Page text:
40 CFR § 1048.145 - Are there interim provisions that apply only for a limited time?
The provisions in this section apply instead of other provisions in this part. This section describes when these interim provisions expire.
(i) You must begin actual production of early-compliant engines by September 1, 2006.
(ii) Engines you produce after December 31, 2006 may not generate offsets.
(iii) Offset-generating engines must be certified to the Tier 2 standards and requirements under this part 1048.
(2) For every offset-generating engine certified to the Tier 2 standards, you may reduce the number of engines with the same maximum engine power that are required to meet the Tier 2 standards in later model years by one engine. You may calculate power-weighted offsets based on actual U.S.-directed sales volumes. For example, if you produce a total of 1,000 engines in 2005 and 2006 with an average maximum power of 60 kW certified to the Tier 2 standards, you may delay certification to that tier of standards for up to 60,000 kW-engine-years in any of the following ways:
(3) Offset-using engines (that is, those not required to certify to the Tier 2 standards) must be certified to the Tier 1 standards and requirements of this part 1048. You may delay compliance for up to three model years.
(4) By January 31 of each year in which you use the provisions of this paragraph (a), send us a report describing how many offset-generating or offset-using engines you produced in the preceding model year.
(d) Tier 1 deterioration factors. For Tier 1 engines, base the deterioration factor from § 1048.240 on 3500 hours of operation. We may assign a deterioration factor for a Tier 1 engine family, but this would not affect your need to meet all emission standards that apply.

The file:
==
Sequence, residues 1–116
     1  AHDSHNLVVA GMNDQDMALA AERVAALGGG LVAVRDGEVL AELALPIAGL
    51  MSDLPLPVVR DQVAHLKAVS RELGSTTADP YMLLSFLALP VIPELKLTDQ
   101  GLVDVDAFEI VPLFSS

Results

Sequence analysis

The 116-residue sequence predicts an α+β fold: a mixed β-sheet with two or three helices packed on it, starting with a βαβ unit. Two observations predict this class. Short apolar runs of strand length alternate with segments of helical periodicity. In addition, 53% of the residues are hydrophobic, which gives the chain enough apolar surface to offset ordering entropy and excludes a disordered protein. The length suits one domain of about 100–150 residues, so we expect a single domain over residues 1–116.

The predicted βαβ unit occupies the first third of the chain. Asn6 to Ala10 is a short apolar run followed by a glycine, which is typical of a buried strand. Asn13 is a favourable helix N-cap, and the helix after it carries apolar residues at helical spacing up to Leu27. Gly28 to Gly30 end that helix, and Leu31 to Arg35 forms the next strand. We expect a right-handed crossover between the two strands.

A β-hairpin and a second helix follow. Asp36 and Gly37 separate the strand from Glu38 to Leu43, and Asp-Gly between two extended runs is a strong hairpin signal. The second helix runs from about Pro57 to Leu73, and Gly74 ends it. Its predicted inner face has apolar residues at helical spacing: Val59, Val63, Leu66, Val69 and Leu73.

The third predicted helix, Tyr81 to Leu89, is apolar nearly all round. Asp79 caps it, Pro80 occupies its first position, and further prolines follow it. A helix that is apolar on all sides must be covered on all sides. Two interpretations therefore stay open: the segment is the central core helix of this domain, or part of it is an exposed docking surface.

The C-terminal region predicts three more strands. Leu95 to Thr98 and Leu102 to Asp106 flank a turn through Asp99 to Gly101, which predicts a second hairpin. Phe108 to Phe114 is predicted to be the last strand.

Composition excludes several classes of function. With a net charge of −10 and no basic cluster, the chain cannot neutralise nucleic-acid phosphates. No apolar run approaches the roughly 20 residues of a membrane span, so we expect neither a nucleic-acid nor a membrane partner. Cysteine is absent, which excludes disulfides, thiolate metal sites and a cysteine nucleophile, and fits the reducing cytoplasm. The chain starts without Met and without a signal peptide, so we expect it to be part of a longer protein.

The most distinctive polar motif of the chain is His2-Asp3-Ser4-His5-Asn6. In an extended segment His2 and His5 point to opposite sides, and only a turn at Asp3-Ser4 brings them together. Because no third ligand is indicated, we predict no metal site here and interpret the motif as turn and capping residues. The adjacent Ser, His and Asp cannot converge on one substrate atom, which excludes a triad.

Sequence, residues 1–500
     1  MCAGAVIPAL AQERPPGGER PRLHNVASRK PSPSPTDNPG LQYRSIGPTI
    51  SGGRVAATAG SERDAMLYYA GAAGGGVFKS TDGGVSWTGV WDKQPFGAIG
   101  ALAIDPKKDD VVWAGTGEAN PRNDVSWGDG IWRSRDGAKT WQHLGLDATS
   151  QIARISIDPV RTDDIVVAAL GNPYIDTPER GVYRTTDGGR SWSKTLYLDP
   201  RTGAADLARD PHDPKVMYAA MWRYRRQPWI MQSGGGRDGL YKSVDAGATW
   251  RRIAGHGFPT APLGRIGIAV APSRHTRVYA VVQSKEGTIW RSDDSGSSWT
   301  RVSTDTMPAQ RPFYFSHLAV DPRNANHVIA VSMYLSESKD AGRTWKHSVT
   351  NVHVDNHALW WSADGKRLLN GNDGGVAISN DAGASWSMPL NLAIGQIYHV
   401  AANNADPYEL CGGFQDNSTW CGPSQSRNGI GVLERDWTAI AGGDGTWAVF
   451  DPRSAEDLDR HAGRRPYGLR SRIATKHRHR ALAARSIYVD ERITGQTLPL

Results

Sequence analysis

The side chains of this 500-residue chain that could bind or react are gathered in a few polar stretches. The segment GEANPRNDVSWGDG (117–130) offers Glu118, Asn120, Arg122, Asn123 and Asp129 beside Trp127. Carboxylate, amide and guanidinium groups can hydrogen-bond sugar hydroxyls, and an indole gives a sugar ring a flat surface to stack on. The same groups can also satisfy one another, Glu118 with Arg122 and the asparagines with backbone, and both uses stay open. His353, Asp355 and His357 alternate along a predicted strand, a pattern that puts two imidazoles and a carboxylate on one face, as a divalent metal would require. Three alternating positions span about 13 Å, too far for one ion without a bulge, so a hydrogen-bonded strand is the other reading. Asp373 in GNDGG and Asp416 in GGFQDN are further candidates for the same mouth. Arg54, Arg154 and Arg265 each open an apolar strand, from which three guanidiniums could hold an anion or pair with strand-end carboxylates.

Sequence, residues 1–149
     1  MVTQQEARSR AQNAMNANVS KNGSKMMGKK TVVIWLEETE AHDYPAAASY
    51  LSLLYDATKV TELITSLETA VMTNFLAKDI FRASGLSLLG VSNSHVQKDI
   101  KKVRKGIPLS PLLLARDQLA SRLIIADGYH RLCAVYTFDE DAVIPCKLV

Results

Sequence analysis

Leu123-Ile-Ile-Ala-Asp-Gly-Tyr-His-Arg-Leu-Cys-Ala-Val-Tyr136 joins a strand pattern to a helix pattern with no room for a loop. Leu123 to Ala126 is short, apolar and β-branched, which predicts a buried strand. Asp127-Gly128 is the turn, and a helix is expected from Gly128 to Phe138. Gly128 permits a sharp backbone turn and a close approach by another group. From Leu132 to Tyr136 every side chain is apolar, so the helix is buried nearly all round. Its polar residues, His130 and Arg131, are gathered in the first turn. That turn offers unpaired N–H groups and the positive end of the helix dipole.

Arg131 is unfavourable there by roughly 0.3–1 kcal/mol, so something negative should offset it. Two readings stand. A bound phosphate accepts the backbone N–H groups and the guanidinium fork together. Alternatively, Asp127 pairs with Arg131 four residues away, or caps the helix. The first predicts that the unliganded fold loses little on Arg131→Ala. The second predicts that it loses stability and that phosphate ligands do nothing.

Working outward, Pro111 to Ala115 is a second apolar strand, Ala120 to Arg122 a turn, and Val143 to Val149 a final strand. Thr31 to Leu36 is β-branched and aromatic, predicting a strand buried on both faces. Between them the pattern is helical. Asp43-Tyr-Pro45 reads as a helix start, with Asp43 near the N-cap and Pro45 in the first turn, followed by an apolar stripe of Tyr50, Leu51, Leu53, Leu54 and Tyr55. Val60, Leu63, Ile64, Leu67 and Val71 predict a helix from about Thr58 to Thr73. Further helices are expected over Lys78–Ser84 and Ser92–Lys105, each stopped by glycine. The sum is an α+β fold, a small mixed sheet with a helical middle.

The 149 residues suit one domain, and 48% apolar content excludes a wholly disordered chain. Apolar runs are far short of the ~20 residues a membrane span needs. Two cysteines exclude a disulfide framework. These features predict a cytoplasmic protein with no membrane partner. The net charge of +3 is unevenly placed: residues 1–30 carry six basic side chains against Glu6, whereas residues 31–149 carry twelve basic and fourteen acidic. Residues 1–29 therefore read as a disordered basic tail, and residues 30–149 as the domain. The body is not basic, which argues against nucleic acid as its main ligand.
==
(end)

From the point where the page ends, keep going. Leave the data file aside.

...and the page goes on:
(f) Optional early field testing. You may optionally use the field-testing procedures in subpart F of this part for any in-use testing required under subpart E of this part to show that you meet Tier 1 standards. In this case, the same Tier 1 in-use emission standards apply to both steady-state testing in the laboratory and field testing.
(g) Small-volume provisions. If you qualify for the hardship provisions in § 1068.250 of this chapter, we may approve extensions of up to four years total.
(h) 2004 certification. For the 2004 model year, you may choose to have the emission standards and other requirements that apply to these engines in California serve as the emission standards and other requirements applicable under this part, instead of those in subpart A of this part. To ask for a certificate under this paragraph (h), send us the application for certification that you prepare for the California Air Resources Board instead of the information we otherwise require in § 1048.205.
(i) Recreational vehicles. Engines or vehicles identified in the scope of 40 CFR part 1051 that are not yet regulated under that part are excluded from the requirements of this part. For example, snowmobiles produced in 2004 are not subject to the emission standards in this part. Once emission standards apply to these engines and vehicles, they are excluded from the requirements of this part under § 1048.5(a)(1).
(j) Delayed compliance with labeling requirements. Before the 2010 model year, you may omit the dates of manufacture from the emission control information label as specified in § 1048.135(c)(5) if you keep those records and provide them to us upon request.
(k) Delayed compliance with fuel tank permeation requirements. Before the 2010 model year, you may omit the permeation-related requirements related to plastic fuel tanks in § 1048.245(e)(1)(i) and § 1048.501(e).